Pinnawala Elephant Orphanage is an orphanage, nursery and captive breeding ground for wild Asian elephants located at Pinnawala village, 13 km northeast of Kegalle town in Sabaragamuwa Province of Sri Lanka. Pinnawala is notable for having the largest herd of captive elephants in the world.
The Pinnawala Elephant Orphanage was first established by the Sri Lankan Department of Wildlife Conservation in 1975 for feeding and providing care and sanctuary to orphaned baby elephants that were found in the wild. The orphanage was first located at the Wilpattu National Park, then shifted to the tourist complex at Bentota and then to the Dehiwala Zoo. From the Zoo it was shifted to Pinnawala village on a 25-acre coconut plantation adjacent to the Maha Oya River.
The primary residential care area is on the east side of Highway B199, Rambukkana Road. The main site also has some restaurants / refreshment stands, and management buildings including sleeping sheds and veterinary facilities. The elephant bathing and viewing area along the River is directly opposite on the west side of the highway.
At the time it was finally settled, the orphanage had five baby elephants which formed its nucleus. The addition of orphans continued till 1995 when the Elephant Transit Home adjoining Udawalawe National Park was created by the Department of Wildlife Conservation. Since then, orphaned babies have been taken to the Elephant Transit Home and addition to the Pinnawala herd has been mostly through births occurring there.
Pinnawala is the most popular and accessible place to see large numbers of these lovable animals in a natural habitat. It is the most popular elephant ‘attraction’ with tourists because nowhere else, except at the splendid ‘pereheras’ you see so many elephants at such close quarters. The government opened it in 1975 since many more baby elephants than usual had become separated from their herds that year.
The town really comes alive in April for the Sinhalese and Tamil New Year, and it is difficult to find accommodation as Sri Lankans holiday in the region during this period. The festive season starts on April 1 annually in a ceremonial manner. The ceremony consists mainly of a band show in which all the local school bands participate.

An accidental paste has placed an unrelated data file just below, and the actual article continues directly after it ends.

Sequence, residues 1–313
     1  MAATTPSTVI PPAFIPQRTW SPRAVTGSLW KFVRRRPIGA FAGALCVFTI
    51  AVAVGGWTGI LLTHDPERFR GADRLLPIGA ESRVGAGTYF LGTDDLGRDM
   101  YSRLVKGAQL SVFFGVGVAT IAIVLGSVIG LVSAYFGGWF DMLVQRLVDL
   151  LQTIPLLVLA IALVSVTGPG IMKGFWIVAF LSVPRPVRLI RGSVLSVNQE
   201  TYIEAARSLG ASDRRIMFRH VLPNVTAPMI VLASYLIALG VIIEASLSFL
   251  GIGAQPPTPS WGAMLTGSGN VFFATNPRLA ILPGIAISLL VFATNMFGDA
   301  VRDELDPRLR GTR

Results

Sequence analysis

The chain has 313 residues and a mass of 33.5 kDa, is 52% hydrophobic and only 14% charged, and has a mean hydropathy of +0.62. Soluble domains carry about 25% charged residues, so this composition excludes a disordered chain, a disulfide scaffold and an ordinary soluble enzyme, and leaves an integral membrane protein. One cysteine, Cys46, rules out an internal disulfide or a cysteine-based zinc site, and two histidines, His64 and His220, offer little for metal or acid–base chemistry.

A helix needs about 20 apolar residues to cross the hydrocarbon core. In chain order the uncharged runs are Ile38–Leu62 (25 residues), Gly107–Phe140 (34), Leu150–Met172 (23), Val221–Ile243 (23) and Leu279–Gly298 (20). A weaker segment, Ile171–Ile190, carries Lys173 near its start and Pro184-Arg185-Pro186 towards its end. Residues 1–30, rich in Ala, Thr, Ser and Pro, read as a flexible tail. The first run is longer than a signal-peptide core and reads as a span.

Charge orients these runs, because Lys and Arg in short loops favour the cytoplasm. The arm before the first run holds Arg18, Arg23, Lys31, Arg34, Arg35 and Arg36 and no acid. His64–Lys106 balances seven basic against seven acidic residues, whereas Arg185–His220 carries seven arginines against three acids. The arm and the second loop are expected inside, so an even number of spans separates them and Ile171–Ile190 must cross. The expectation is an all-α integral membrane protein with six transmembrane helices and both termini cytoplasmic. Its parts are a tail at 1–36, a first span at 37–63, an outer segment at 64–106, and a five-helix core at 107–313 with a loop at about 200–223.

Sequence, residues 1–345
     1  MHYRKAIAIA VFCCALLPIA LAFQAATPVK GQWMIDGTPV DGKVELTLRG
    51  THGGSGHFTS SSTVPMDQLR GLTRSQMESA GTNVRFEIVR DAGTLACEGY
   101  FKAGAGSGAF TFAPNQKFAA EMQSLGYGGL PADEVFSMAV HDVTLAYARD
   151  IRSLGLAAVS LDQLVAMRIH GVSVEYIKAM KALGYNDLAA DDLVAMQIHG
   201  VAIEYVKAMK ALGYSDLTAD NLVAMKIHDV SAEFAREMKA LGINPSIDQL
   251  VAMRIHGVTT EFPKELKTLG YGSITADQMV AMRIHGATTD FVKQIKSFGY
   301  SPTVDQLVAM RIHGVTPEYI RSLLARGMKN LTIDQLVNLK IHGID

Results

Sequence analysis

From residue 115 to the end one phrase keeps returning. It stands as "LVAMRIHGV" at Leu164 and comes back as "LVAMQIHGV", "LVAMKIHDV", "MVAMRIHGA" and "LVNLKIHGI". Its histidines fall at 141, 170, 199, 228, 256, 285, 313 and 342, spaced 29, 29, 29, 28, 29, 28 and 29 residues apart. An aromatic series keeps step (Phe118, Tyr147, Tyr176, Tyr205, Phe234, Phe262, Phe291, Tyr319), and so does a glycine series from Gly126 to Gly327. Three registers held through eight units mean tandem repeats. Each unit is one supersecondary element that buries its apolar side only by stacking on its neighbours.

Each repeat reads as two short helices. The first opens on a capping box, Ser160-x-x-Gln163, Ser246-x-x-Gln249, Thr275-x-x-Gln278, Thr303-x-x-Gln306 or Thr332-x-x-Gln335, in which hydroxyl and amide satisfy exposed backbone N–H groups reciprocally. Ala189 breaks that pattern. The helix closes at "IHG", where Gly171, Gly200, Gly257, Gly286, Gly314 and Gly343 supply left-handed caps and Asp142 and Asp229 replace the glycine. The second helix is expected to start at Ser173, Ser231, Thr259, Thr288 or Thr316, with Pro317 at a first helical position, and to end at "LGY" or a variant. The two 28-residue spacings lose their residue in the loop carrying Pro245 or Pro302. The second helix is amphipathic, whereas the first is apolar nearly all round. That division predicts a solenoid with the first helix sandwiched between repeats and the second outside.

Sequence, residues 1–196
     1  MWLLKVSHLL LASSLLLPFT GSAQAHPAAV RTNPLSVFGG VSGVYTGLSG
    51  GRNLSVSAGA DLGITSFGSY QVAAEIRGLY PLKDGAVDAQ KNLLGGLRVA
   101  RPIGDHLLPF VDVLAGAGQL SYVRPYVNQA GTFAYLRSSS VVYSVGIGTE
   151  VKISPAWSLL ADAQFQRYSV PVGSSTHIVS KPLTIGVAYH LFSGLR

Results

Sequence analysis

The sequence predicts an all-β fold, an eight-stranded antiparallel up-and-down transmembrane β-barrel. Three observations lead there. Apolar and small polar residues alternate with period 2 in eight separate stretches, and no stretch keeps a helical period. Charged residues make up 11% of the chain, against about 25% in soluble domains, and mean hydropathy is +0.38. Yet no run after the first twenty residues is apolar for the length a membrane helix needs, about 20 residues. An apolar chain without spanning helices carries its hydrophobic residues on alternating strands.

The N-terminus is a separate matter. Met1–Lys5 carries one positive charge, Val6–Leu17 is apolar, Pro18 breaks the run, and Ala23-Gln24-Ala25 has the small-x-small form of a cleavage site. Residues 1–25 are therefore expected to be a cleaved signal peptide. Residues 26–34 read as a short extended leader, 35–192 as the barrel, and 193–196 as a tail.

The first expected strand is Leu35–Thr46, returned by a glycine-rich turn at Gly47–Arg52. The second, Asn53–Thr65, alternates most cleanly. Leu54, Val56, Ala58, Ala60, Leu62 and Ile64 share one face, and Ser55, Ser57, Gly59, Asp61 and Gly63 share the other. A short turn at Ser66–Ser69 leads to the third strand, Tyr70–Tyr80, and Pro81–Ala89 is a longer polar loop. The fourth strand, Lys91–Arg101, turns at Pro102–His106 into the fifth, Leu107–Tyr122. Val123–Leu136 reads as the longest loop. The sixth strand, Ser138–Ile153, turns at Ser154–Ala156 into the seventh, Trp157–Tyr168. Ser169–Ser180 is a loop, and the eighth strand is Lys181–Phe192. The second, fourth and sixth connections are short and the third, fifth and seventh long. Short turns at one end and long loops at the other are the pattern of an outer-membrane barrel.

The orphanage was established to feed, nurse and house young elephants found abandoned by their mothers. Young elephants sometimes fall into pits and ravines in their quest for water during drought period. Other orphans have been displaced from their wild habitat by development projects or have been found abandoned before weaning, diseased or wounded. There are 48 mahouts (handlers) who take care of the elephants. The female and young elephants in Pinnawala range freely as a herd during the day in an area of a few acres. They are herded about .5 km twice a day to drink and be bathed in the river. At night, the females are individually chained in stalls. Adult males are doing some light work such as transporting feed. They are chained and managed individually. Calves born in Pinnawala are not bottle fed, but a few from Elephant Transit Home are kept at Pinnawala and bottle fed as a tourist attraction.
The elephants are fed in their stalls. There is very little food they can gather from the premises of the orphanage except some grass. Large quantities of jackfruit, coconut, kitul (sugar palm), tamarind and grass, brought in daily, form the bulk of the elephant’s food. Each adult animal is given around 250 kilograms of this green matter per day and around 2 kg from a food bag containing rice bran and maize.
This elephant orphanage conducts captive breeding of some elephants in its care. The natural environment and healthy care and feeding at Pinnawala made the elephant breeding program a success. The first birth at Pinnawala was in 1984, Sukumalee, a female was born to Vijaya and Kumar who were aged 21 and 20 years respectively at the time. The males Vijaya and Neela and females Kumari, Anusha, Mathalie and Komali have since then parented several baby elephants. More than twenty-three elephants were born from 1984 to 1991. In 1998 there were fourteen births at Pinnawala, eight males and six females, with one second generation birth in early 1998. Since then till early 2012, 84 more were born at Pinnawala.
Most of the elephants at Pinnawala are healthy and once attaining adulthood will be retained within the facility mostly since they have become dependent on supplied food. A few disabled elephants are given residential care. One tusker, Raja is blind, and one female, named Sama, lost her front right leg to a land mine.
However travel weary you may be, this short detour off the Colombo-Kandy road is very rewarding and you will find the orphans at this home totally endearing.
08.30 hours Open to visitors 09.15 hours Bottle feeding 10.00 hours Herd leaving to the river 12.00 hours Return from the river 13.15 hours Bottle feeding 14.00 hours Herd leaving to the river 16.00 hours Return from the river 17.00 hours Bottle feeding 17.30 hours Ticket counters close 18.00 hours Close to publicBack to Featured Articles